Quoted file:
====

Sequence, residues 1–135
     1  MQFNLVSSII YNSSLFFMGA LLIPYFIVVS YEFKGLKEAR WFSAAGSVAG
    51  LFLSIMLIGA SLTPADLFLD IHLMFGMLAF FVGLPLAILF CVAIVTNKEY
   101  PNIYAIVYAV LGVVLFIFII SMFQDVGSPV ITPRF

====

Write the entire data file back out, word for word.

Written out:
Sequence, residues 1–135
     1  MQFNLVSSII YNSSLFFMGA LLIPYFIVVS YEFKGLKEAR WFSAAGSVAG
    51  LFLSIMLIGA SLTPADLFLD IHLMFGMLAF FVGLPLAILF CVAIVTNKEY
   101  PNIYAIVYAV LGVVLFIFII SMFQDVGSPV ITPRF